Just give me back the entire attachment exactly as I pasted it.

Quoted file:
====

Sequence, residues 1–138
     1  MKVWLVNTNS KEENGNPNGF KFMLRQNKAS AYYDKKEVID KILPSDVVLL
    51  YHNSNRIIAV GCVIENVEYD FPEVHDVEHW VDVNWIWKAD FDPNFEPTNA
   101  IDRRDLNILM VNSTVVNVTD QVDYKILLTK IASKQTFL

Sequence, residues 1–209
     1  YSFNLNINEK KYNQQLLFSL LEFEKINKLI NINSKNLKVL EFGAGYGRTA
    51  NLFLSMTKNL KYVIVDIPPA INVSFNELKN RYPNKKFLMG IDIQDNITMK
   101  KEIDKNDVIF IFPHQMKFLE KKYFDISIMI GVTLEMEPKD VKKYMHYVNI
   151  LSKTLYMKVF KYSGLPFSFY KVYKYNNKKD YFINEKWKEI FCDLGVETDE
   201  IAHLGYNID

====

Sequence, residues 1–138
     1  MKVWLVNTNS KEENGNPNGF KFMLRQNKAS AYYDKKEVID KILPSDVVLL
    51  YHNSNRIIAV GCVIENVEYD FPEVHDVEHW VDVNWIWKAD FDPNFEPTNA
   101  IDRRDLNILM VNSTVVNVTD QVDYKILLTK IASKQTFL

Sequence, residues 1–209
     1  YSFNLNINEK KYNQQLLFSL LEFEKINKLI NINSKNLKVL EFGAGYGRTA
    51  NLFLSMTKNL KYVIVDIPPA INVSFNELKN RYPNKKFLMG IDIQDNITMK
   101  KEIDKNDVIF IFPHQMKFLE KKYFDISIMI GVTLEMEPKD VKKYMHYVNI
   151  LSKTLYMKVF KYSGLPFSFY KVYKYNNKKD YFINEKWKEI FCDLGVETDE
   201  IAHLGYNID